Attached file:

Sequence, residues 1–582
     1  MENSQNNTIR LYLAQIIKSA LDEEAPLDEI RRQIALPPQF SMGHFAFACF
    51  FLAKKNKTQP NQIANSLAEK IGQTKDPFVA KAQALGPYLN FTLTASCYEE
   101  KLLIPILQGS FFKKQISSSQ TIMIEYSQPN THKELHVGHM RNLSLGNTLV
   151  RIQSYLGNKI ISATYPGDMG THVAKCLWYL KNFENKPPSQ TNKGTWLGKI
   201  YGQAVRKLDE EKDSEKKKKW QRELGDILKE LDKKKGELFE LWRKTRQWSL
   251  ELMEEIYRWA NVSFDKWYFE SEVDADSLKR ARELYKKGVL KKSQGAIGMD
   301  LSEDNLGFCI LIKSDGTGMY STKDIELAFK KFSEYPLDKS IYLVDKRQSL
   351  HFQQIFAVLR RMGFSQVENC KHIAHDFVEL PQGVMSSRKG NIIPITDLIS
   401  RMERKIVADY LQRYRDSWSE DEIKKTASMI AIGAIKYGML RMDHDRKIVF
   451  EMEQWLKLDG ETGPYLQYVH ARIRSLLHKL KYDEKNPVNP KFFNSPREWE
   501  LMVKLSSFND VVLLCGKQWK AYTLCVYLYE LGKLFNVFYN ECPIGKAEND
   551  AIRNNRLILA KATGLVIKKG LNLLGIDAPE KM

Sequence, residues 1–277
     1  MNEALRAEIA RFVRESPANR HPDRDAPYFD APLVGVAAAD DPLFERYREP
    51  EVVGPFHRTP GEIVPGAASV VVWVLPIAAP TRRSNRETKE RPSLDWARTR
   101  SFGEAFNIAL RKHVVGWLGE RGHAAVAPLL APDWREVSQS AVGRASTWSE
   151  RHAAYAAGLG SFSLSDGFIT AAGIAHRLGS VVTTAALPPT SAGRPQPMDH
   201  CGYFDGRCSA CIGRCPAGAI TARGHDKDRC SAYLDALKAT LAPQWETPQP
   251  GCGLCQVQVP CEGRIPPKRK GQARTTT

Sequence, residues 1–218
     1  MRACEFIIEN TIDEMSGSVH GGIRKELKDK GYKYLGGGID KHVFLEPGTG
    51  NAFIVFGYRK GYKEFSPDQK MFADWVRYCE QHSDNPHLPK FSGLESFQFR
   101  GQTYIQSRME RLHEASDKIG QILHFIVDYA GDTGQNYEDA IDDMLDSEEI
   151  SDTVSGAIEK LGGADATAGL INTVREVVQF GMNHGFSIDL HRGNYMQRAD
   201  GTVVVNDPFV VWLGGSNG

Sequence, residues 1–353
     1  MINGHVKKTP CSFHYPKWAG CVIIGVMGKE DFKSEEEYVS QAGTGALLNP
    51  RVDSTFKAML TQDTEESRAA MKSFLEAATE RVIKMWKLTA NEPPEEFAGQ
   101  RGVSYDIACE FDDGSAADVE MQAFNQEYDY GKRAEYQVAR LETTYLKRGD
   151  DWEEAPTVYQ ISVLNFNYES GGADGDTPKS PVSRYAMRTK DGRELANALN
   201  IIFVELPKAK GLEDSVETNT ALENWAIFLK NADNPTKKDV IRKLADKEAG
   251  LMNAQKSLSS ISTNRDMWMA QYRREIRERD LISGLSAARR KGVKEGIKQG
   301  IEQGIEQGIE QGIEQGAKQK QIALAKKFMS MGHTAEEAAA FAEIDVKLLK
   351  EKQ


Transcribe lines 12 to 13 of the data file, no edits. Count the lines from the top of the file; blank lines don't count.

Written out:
   501  LMVKLSSFND VVLLCGKQWK AYTLCVYLYE LGKLFNVFYN ECPIGKAEND
   551  AIRNNRLILA KATGLVIKKG LNLLGIDAPE KM